LBB> What do brands most often need help with when it comes to kind of understanding the data that they have access to?

 
Mitesh> Typically, companies need support in looking beyond what they expect, or want, the data to show. All too frequently, there is a view from the top that data-driven marketing must perform exceptionally to be worthwhile, which fuels fear of failure and overshadows the value of learning from insight.
 
Years ago, I was assigned to a client who planned to continue spending on Facebook because of impressive engagement figures, ranging from 15-20%. My team’s analysis, however, revealed discrepancies between in-house metrics, such as viewability, and tangible interactions with ads. Our bespoke measurement formula found engagement rates actually aligned with the 2-3% industry average. But although interested in this data, the client told us reporting would emphasise the original higher ratings to avoid losing their marketing budget.

Such examples speak to the need for openness to experimentation and adaptation. As a new generation of data-positive marketers emerges, it’s good to see that attitudes are changing and the CMOs in charge of future budgets will be those who want to understand what their data means and the next best actions it highlights. This will be a major gearshift that takes the sector and businesses forward, but leaders will still need experts to support them in interpreting and extracting maximum value from their data.


LBB> But what about creativity and magic? What are the most emotionally fulfilling ways you've seen data put to use by brands?

 
Mitesh> A big creative inspiration is YouTuber Mr Beast. His super-scale stunts, competitions and giveaways are so entertaining to watch and it’s no surprise he has the largest YouTube subscriber base in the world. But the greatest draw for me is the ethos behind his magic.
 
As a guest speaker on one of my favourite podcasts — Dhar and Jay — it was extremely motivating to hear about Mr Beast’s business approach. His top priority is quality content, and because he understands that great results come from continual investment, every penny of profit goes back into production, which is often based on insights around the events and prizes audiences would like to see.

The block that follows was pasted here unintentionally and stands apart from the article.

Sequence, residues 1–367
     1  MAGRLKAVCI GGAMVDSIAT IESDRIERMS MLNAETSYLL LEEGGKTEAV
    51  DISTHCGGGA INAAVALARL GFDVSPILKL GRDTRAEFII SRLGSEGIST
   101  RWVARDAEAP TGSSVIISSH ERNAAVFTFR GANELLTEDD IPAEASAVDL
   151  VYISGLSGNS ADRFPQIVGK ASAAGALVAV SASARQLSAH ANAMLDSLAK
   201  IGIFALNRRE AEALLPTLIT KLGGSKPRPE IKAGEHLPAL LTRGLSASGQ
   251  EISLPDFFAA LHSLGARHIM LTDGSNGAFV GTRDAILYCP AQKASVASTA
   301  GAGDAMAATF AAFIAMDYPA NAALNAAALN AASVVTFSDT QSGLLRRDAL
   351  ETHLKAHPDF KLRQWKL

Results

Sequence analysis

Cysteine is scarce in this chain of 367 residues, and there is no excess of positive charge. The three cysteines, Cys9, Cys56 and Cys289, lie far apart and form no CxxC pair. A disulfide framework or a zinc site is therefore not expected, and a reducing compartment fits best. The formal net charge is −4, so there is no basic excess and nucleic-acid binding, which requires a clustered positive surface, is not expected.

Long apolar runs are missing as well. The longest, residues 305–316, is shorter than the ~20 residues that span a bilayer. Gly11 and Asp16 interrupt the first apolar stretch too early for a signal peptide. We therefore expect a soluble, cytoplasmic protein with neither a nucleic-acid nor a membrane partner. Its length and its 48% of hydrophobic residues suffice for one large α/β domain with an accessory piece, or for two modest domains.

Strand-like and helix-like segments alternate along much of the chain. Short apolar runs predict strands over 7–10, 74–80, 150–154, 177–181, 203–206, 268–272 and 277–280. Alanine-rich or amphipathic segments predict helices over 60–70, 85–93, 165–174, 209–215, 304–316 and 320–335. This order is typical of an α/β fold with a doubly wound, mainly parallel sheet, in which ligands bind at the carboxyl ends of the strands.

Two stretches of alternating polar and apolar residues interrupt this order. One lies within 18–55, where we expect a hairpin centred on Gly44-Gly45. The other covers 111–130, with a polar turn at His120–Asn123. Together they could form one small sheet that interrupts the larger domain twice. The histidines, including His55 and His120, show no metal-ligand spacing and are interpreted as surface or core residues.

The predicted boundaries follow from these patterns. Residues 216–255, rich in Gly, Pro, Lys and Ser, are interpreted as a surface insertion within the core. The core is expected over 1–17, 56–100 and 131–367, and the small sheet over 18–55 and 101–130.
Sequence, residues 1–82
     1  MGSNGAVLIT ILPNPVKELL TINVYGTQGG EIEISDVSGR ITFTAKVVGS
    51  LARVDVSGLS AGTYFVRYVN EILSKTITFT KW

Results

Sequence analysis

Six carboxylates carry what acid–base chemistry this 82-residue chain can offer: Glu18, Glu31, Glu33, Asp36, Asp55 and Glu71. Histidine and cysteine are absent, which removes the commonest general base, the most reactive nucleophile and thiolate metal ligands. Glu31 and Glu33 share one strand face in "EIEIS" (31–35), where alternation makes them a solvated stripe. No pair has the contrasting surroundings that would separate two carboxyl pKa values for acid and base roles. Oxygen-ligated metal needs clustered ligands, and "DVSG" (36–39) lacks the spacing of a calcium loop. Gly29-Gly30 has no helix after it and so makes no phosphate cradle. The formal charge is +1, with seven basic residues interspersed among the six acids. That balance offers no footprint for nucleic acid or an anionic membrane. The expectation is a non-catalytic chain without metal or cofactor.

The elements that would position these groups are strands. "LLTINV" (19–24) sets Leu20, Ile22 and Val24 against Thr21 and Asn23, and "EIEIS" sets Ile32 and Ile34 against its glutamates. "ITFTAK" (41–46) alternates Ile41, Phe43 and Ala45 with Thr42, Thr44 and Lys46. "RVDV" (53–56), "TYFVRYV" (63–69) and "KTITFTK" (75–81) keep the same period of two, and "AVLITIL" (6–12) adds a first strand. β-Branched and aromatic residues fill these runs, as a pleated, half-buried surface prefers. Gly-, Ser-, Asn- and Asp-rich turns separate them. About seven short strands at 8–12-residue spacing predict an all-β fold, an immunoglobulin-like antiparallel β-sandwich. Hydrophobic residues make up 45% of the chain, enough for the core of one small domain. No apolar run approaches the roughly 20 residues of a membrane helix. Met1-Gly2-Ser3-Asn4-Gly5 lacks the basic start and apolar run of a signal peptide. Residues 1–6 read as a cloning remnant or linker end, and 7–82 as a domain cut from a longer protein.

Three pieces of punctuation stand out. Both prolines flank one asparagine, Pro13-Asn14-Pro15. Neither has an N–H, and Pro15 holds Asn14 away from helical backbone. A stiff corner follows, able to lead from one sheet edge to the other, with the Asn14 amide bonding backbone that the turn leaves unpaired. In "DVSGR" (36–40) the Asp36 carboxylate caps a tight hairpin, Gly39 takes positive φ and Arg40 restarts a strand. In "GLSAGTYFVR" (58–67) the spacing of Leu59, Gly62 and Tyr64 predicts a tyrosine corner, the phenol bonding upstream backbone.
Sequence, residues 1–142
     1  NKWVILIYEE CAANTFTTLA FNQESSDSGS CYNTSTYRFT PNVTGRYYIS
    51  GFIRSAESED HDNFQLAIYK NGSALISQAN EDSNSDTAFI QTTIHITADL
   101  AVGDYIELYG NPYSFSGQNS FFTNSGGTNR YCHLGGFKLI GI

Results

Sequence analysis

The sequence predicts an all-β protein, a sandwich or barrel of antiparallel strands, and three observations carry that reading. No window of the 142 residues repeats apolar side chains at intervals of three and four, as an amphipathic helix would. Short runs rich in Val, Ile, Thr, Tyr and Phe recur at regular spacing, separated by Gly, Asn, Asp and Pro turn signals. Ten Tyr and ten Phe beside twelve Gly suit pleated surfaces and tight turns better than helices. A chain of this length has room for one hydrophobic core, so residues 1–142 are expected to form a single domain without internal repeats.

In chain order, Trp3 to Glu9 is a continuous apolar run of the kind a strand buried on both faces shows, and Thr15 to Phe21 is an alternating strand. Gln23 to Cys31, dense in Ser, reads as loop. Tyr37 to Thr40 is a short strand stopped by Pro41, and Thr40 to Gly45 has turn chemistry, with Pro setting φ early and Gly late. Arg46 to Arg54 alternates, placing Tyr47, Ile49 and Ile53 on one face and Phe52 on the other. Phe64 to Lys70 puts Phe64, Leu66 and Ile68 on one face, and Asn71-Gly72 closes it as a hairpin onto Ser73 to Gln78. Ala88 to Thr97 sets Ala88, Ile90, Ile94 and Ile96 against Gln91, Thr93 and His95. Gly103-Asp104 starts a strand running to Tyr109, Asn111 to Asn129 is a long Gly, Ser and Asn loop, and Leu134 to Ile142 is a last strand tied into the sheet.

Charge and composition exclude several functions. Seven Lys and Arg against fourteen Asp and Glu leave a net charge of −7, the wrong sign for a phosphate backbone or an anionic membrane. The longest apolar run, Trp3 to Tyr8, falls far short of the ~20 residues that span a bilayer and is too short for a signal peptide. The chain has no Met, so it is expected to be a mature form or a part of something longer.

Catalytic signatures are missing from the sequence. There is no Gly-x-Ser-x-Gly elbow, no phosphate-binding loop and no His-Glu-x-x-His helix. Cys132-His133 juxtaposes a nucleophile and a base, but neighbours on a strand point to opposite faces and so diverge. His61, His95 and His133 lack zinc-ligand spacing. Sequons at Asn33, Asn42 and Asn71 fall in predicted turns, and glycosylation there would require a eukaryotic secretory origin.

This way of working tallies with my personal and professional philosophies. I have always believed it’s important to embrace and flow with the tide, rather than standing still and eventually being washed away. In the business sphere, I feel the same applies. Firms must pivot and innovate to succeed, and those who use data to help guide continually smart investment will enjoy the greatest and longest-lasting gains.”
 

LBB>  Outside of your direct line of work, what's inspiring you right now?

 
Mitesh> Living well and, of course, football. In my youth, one of the kids I kicked a football around with was Jay Shetty. Now an internationally acclaimed life coach, he gives advice to the A-list stars like Will Smith and Justin Bieber. Still unshakably grounded, his mission is all about enabling people to find everyday fulfilment through small changes and achievements.
 
I regularly look to his content for ideas about how to be healthier, build better relationships and offer the kind of support I want to receive; be that for friends, family, or colleagues. As a former Huffington Post content creator himself, Jay’s mentorship is a major reason why I continue to write about football. Without his encouragement to keep following my passion, I wouldn’t have reached the milestone of seeing my work recently published in Sports Bible.
 
Similarly, I frequently check in with my own long-standing mentor: former Wavemaker CEO, Paul Hutchison. He has moved to Australia, but still makes time to help me develop as a team leader and individual. I firmly feel these kinds of relationships are essential to ensure we can stay balanced and see the wood from the trees. We should never underestimate the value of welcoming different points of view and being willing to learn.
 

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Adverity, Tue, 24 Jan 2023 17:11:34 GMT